Board of Governors examines tuition changes, budget priorities
The UNC system Board of Governors raised concerns Thursday that N.C. General Assembly-mandated tuition increases for the upcoming school year are affecting college affordability for low-income families.
Last year, the state legislature applied different tuition percentage increases to each university, pinpointed at out-of-state undergraduates. Two universities, N.C. State and UNC-Charlotte, got no increase.
As discussed in fall Board of Governors meetings, N.C. Central University’s out-of-state undergrads will face a 6-percent increase in 2014-15, or $842, in tuition, and UNC-Chapel Hill’s out-of-state undergrads will be allocated a 12.3-percent increase, or have to pay $3,469 more.
Undergraduate residents in the UNC system will see no tuition rate hike for the 2014-15 year.
The system-wide tuition increases are expected to generate an estimated $29.5 million in revenue, but board members worried that most of this money would go back to the state, rather than the universities themselves to funnel back into academic programs and financial aid.
Board member John Fennebresque said if the UNC system can’t fight to keep tuition costs low, families are “taking on debt that’s killing them,” he said.
In the UNC system’s budget priorities for 2014-15, the board hopes to push for a repeal of the nonresident tuition increase and maintain the Board of Governors’ oversight of setting tuition rates.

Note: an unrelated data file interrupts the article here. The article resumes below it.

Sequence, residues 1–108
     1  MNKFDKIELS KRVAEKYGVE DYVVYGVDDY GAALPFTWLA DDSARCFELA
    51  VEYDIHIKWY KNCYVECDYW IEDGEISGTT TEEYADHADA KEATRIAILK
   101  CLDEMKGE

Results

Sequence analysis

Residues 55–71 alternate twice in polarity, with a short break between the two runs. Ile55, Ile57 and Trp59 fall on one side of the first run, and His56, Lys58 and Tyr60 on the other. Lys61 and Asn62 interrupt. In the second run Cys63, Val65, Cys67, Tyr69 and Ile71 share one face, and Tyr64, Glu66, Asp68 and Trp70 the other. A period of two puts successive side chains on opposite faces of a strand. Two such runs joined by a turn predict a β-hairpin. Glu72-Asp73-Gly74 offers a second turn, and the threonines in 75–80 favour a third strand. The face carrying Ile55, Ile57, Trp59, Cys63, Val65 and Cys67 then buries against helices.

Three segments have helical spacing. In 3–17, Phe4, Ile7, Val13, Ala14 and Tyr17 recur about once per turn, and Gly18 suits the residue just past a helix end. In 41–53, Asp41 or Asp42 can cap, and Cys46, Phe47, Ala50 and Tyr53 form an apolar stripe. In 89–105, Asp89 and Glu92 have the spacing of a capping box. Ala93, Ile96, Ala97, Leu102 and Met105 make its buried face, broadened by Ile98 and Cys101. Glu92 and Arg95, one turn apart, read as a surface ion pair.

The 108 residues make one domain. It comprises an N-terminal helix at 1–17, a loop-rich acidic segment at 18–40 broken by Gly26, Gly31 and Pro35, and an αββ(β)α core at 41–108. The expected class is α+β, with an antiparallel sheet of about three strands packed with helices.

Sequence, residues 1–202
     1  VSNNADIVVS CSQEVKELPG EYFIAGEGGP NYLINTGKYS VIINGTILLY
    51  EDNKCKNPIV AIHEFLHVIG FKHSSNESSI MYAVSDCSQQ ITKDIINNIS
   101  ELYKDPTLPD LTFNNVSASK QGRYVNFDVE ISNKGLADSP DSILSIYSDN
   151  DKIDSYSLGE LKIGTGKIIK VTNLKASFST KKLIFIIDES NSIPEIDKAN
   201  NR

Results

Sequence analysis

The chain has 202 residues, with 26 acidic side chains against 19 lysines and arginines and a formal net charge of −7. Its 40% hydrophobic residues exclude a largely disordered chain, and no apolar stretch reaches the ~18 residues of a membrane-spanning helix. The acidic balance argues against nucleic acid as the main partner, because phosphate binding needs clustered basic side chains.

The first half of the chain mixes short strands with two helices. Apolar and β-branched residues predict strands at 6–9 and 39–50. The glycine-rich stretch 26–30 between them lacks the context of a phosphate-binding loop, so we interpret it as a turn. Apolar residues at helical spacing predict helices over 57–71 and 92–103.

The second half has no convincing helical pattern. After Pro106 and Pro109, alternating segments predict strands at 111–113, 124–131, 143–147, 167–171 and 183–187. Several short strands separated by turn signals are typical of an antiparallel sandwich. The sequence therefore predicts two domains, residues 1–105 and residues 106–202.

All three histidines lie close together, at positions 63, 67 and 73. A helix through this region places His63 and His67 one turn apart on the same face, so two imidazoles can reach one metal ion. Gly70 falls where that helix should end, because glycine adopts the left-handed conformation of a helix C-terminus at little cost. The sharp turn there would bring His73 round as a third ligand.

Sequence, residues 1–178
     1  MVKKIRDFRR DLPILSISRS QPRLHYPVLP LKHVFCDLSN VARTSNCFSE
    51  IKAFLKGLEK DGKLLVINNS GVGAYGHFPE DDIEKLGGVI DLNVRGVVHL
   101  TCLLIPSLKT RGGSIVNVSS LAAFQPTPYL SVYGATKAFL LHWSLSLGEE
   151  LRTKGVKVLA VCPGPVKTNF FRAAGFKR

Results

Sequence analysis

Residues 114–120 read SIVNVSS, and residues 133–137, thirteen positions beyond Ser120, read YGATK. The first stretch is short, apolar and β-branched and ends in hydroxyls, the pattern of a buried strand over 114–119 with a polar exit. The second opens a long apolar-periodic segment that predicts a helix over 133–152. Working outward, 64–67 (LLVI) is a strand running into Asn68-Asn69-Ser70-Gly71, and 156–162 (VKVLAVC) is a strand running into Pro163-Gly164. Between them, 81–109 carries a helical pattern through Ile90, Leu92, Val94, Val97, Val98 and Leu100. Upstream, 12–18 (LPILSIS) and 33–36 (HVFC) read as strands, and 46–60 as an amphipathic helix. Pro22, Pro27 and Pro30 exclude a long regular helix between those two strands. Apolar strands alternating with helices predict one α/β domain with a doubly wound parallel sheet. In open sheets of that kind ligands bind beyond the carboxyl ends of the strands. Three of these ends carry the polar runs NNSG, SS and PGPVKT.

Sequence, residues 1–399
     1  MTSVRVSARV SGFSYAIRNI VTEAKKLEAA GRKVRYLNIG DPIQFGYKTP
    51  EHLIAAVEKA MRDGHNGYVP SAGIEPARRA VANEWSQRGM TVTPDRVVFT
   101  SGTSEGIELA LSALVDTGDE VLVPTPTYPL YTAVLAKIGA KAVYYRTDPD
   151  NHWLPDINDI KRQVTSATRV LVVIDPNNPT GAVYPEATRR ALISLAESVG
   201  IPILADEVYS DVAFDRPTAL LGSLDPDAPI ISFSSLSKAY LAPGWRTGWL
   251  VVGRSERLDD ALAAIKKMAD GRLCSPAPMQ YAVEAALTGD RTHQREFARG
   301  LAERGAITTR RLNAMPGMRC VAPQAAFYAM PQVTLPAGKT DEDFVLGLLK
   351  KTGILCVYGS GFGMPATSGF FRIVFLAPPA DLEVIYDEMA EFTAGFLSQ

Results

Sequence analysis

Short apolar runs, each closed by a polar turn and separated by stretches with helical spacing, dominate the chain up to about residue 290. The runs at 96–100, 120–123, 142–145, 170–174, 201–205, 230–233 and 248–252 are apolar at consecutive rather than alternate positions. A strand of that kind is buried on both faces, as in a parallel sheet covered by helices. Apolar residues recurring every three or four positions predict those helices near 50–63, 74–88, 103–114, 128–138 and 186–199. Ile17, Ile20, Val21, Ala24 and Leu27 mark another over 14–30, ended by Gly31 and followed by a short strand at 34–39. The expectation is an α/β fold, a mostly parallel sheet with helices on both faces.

UNC-Chapel Hill also is expected to raise their general fees by $10.86, a .7-percent increase for the upcoming school year. That includes $7 for student health services and $3.86 for student activities, which provides funding for nonacademic student services and facility maintenance and operation.
NCCU is planning no fee increases for 2014-15.
In other budget news, the UNC Board of Governors discussed allocating $5 million for summer school enrollment, which would support students enrolling in summer term courses and therefore increase UNC graduation rates. UNC also is preparing to offer resident tuition rates to about 600 nonresident veteran UNC students, impacting the system’s tuition revenue by $8 million.
The board also is looking to set aside $3 million for faculty recruitment and retention. Board member Fennebresque said UNC is losing faculty at an alarming rate to other systems.
“When you go and try to replace somebody, it’s really expensive,” he said, “and sometimes you don’t find the right person when you try to replace them.”